Bushiri camp accuses Hawks of bullying
A senior pastor close to prophet Shepherd Bushiri has accused the Hawks of using a "spray-gun" tactic in their investigations against the controversial church leader.
"The situation is so bad that Bushiri had to ask his lawyers to send the state letters ordering them to respect the law and not use underhanded means in their investigations.
"Our view is that the state has become desperate to make the case against Bushiri stick, and so they're flouting their own rules," said the senior pastor, brandishing copies of the letters. He declined to be identified for fear of victimisation.
Bushiri's Sandton-based lawyer Victor Nkhwashu confirmed to Sunday World that he wrote letters to the State Attorney's office but could not comment further.
"I can't talk to you. You know that this matter is sub judice. The answer is no comment," he said.
In a letter seen by Sunday World dated May 29, Nkhwashu seemed displeased with the Hawks' disregard of his initial letter directing them not to make contact with his client in his absence.
"Despite our previous letter, on 23 May 2019, you have communicated with our client directly through an e-mail making certain enquiries pertaining to the acquisition of the aircraft and other unrelated queries. We urge you to respect and to please follow due process," writes Nkhwashu, directing the Hawks to liaise with him directly.
In an earlier letter dated April 28, addressed to a Colonel Maritz of the Hawks and advocate S Veenemans of the State Attorney's office, Nkhwashu identified five people linked to the prophet who were allegedly targeted for questioning by the Hawks simply because of their association with Bushiri.
"The purpose of the visit was initially not explained to these individuals," writes Nkhwashu, noting he represents all people who wrote confirmatory affidavits to Bushiri's civil application to have his private jet, temporarily seized by the state, returned to him.
"We hold an instruction that Colonel Maritz and Marais has, on April 26 2019, visited our clients' SBI premises [in Sandton]. We request and urge that you should not visit any of our clients' premises unless permission is sought and granted by us in writing, [or] alternatively, [when] you are authorised to do so by a warrant or any form of a court order," reads part of a letter written by Nkhwashu.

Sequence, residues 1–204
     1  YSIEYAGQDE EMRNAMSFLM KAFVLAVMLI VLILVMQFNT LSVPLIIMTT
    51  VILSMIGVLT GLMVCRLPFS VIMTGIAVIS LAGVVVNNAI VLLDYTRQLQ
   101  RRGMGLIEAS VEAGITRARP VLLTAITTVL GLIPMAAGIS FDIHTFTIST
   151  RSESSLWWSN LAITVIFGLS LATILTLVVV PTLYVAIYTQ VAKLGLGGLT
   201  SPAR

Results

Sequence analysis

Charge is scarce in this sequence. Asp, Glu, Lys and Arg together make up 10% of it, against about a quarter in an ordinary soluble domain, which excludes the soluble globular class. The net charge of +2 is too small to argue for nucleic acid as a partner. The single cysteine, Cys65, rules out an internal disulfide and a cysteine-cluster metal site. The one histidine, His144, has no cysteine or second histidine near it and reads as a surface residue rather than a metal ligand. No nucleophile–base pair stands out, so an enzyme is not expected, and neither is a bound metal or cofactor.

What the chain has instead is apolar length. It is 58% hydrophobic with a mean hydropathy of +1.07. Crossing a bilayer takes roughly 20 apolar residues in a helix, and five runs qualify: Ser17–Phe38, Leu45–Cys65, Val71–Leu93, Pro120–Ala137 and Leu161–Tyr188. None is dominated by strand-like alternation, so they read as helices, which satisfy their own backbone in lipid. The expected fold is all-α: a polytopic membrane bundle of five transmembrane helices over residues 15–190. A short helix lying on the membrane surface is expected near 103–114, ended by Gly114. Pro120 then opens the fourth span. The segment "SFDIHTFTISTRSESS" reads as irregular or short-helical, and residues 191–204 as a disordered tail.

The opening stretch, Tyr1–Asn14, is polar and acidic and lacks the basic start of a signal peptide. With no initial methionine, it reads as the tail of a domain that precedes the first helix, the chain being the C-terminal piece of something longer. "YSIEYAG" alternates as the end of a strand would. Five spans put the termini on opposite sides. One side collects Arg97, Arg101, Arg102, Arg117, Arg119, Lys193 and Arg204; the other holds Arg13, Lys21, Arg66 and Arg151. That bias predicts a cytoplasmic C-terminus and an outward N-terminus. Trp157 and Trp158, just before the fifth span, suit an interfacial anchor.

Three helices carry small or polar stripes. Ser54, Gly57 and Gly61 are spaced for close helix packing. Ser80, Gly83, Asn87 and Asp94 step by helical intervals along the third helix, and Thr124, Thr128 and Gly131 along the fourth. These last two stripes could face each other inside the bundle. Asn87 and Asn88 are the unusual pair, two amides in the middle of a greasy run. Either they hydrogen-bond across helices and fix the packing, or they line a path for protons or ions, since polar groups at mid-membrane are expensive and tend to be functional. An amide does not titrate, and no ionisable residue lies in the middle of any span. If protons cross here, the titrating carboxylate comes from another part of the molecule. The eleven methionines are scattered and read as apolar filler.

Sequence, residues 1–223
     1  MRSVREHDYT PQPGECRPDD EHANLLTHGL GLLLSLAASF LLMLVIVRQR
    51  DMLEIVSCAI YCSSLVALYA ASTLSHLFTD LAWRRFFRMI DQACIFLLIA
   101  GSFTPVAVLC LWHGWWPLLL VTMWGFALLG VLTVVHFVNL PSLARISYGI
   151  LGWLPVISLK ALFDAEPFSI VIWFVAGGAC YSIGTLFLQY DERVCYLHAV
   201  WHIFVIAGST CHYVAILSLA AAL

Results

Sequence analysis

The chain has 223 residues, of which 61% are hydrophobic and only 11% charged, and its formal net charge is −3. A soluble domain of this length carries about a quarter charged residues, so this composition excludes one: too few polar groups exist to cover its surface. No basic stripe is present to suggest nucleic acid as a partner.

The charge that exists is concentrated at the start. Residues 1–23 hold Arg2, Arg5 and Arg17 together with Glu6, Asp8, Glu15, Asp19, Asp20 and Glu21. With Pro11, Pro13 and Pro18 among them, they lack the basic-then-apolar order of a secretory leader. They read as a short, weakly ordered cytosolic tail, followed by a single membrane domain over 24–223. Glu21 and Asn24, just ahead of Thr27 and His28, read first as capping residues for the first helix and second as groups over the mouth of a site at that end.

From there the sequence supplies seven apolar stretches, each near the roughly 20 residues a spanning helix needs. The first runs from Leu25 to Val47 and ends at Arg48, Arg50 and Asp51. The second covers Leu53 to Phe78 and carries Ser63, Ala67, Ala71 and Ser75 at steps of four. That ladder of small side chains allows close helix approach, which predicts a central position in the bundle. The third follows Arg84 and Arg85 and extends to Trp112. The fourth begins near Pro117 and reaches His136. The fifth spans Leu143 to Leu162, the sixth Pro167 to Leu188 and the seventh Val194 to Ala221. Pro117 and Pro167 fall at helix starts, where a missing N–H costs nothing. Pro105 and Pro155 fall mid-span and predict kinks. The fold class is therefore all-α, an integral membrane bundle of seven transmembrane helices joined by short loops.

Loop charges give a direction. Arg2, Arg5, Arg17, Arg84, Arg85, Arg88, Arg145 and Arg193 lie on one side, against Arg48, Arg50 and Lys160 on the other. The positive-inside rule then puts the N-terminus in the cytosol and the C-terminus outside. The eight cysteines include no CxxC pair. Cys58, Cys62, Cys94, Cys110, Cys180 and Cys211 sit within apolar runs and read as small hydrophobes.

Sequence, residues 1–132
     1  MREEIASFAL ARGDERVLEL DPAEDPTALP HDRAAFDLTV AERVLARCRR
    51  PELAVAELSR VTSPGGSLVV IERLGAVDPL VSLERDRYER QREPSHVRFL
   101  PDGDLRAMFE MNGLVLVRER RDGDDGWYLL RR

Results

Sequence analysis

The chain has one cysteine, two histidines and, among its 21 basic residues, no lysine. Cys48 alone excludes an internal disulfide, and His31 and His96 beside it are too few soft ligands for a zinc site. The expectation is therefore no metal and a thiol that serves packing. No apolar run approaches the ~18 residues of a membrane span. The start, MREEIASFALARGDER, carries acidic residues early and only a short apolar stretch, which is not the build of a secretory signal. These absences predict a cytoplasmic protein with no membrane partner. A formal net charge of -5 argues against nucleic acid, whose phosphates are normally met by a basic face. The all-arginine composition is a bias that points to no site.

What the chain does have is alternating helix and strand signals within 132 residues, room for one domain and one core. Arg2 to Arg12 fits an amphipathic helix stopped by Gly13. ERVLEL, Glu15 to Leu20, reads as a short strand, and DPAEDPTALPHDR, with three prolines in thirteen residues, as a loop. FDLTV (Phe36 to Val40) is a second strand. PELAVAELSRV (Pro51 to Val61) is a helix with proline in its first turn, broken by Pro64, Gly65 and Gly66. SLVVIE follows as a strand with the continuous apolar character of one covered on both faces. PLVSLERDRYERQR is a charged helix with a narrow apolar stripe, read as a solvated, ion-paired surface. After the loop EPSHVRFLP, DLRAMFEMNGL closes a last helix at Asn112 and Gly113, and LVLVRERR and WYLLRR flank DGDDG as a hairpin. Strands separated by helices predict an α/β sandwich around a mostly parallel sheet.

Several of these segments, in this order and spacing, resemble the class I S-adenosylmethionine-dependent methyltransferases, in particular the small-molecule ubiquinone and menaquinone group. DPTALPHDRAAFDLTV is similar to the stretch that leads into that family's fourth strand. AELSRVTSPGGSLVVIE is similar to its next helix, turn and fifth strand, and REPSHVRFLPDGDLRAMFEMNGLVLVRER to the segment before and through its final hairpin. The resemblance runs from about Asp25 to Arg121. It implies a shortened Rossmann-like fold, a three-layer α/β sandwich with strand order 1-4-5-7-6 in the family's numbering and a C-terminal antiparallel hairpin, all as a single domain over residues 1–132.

The pastor said: "The Hawks have arrested Bushiri, now they are harassing the people around him. My view is that they are desperate to sow division in the hope that someone will turn against him. In the jet application, the Hawks said he can't explain the source of his income but he has responded in the civil court and provided a spreadsheet showing where the funds came from. This is now public record.
"I don't understand why we must live in fear for working with a servant of God."
Bushiri faces a two-pronged mission from the Hawks: a forfeiture application in the high court for his R17m private jet that the state believes was bought through the proceeds of crime; and a criminal case in the specialised commercial crimes court where he was accused of fraud and money laundering.
Hawks spokesperson Hangwani Mulaudzi said none of their officials could harass people without following proper procedure.
"The lawyers have an option to report the matter to the head of the Directorate for Priority Crime Investigation (DPCI) or any judge. Whether the Hawks have a case or not, it is not up to us, it up to the prosecutor or the judge who will be handling or presiding over the case," he said.
Major 1, as Bushiri was known to his flock, and his wife Mary are out on bail of R100,000 each after being nabbed in a dramatic arrest in February on charges of fraud and money laundering.